1 can Eagle Brand Milk
1 tablespoon Vanilla
Add snow and stir well, add snow until the cream is thick as you like.
Enjoy!!!

Kaitlynn



Just add a little milk, sugar and vanilla flavoring to a big bowl of snow. That is all you need.

Jennifer Bailes



This recipe is over 50 years old that belonged to my grandmother.

You will need a very large bowl of snow.

In a separate bowl mix the following:

1 quart of reg.milk.
1 can of evaporated milk.
1 cup of sugar.
1 well beaten egg(beat until foamy).
1 tablespoon of vanilla flavoring.

Pour this slowly over your snow until you get it to the desired consistency. This is better than ice cream, I guarantee it!

Joan Daly
Goldsboro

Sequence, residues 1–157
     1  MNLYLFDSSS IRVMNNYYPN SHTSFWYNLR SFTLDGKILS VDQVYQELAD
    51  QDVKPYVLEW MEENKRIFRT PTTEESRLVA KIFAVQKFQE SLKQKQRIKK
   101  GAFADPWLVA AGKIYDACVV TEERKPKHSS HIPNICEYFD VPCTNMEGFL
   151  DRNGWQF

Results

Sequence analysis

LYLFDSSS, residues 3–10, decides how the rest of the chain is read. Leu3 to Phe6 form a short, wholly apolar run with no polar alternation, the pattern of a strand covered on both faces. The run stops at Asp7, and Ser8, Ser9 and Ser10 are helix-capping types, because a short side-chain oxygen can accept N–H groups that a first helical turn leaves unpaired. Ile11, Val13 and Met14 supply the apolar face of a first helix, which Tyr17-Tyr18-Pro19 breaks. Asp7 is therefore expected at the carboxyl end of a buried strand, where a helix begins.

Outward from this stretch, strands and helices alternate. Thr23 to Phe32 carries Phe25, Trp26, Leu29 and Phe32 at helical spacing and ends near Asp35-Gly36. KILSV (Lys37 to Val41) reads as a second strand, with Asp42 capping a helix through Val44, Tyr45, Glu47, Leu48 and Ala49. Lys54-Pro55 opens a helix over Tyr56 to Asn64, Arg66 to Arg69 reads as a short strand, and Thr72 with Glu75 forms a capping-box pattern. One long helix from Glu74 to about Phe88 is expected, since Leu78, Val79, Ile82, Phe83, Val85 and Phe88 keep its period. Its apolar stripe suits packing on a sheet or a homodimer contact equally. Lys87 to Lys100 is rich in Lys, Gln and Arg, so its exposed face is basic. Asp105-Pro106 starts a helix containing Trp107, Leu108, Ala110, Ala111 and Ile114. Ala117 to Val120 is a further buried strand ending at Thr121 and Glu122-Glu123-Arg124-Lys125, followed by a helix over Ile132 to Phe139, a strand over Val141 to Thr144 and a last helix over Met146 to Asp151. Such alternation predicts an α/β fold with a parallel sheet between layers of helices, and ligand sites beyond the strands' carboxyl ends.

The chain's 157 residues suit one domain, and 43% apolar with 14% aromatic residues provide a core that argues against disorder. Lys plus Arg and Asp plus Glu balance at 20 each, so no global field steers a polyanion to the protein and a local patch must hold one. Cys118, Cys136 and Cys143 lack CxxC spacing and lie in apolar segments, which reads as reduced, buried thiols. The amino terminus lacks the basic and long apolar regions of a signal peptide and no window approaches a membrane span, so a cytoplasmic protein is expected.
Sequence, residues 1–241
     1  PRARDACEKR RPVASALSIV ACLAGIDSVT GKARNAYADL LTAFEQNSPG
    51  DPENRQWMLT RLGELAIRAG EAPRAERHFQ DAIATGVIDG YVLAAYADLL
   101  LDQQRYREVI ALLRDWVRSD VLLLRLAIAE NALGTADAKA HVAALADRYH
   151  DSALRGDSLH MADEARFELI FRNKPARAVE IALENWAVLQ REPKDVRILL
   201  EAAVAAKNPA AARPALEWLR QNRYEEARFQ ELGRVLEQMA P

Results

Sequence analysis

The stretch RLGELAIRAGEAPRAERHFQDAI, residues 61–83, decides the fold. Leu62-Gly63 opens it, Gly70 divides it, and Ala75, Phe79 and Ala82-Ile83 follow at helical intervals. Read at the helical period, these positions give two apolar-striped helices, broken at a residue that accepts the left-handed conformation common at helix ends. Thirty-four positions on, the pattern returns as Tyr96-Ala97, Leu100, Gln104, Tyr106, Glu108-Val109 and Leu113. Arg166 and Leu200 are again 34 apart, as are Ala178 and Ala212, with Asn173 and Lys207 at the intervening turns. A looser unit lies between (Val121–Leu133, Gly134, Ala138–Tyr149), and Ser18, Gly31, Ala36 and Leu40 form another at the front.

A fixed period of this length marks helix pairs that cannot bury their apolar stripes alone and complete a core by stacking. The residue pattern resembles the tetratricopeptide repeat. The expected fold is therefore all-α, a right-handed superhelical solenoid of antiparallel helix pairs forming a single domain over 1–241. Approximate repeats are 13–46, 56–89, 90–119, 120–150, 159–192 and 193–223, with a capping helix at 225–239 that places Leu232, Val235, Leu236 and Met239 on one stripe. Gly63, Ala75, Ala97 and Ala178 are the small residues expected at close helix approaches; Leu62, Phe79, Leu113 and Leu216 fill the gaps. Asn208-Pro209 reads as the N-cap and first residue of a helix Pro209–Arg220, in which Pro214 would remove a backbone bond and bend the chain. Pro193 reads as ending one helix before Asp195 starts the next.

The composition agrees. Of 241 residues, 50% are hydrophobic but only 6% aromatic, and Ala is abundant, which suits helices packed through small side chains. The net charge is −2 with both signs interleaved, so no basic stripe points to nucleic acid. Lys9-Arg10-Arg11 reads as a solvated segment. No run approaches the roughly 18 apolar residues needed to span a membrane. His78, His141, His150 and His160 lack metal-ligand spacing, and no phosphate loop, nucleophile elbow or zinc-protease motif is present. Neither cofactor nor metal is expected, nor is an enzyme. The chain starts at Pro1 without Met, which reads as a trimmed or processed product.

Easy Chocolate Snow cream

milk
Hershey's chocolate syrup

mix to a very strong chocolate taste. add snow scoop at a time and blend in until you get a stiff consistancy. Add more milk & chocolate syrup mixture if needed to get the right consistancy.

Brenda Yarborough



Here's a really easy snow cream recipe....heat maple syrup, and pour over clean snow in a bowl, stir. Enjoy!

My mom is a Vermonter, so *only* real Vermont Maple syrup would do for true snow cream!

Kathy



I use no cook vanilla pudding mix. Add milk and stir until pudding dissolves. Now wasn't that easy. Can use any flavor of pudding mix.

Catherine

4 Comments

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  • UpChuck Feb 14, 8:15 a.m.

    Actually, I thought snow cream was a memory, unless you get several inches.

    I've been told that... View More

    — Posted by helenleet